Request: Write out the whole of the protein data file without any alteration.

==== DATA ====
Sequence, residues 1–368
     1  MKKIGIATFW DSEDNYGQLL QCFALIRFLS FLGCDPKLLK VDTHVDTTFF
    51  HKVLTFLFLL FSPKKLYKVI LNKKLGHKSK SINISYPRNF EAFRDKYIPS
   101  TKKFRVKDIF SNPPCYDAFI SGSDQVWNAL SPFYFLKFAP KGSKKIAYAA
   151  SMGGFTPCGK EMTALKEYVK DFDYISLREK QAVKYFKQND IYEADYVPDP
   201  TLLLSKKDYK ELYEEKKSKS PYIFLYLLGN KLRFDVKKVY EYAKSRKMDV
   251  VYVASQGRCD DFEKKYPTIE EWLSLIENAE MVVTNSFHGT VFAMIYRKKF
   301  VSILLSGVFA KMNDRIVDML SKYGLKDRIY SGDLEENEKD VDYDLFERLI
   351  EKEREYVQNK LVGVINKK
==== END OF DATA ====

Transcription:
Sequence, residues 1–368
     1  MKKIGIATFW DSEDNYGQLL QCFALIRFLS FLGCDPKLLK VDTHVDTTFF
    51  HKVLTFLFLL FSPKKLYKVI LNKKLGHKSK SINISYPRNF EAFRDKYIPS
   101  TKKFRVKDIF SNPPCYDAFI SGSDQVWNAL SPFYFLKFAP KGSKKIAYAA
   151  SMGGFTPCGK EMTALKEYVK DFDYISLREK QAVKYFKQND IYEADYVPDP
   201  TLLLSKKDYK ELYEEKKSKS PYIFLYLLGN KLRFDVKKVY EYAKSRKMDV
   251  VYVASQGRCD DFEKKYPTIE EWLSLIENAE MVVTNSFHGT VFAMIYRKKF
   301  VSILLSGVFA KMNDRIVDML SKYGLKDRIY SGDLEENEKD VDYDLFERLI
   351  EKEREYVQNK LVGVINKK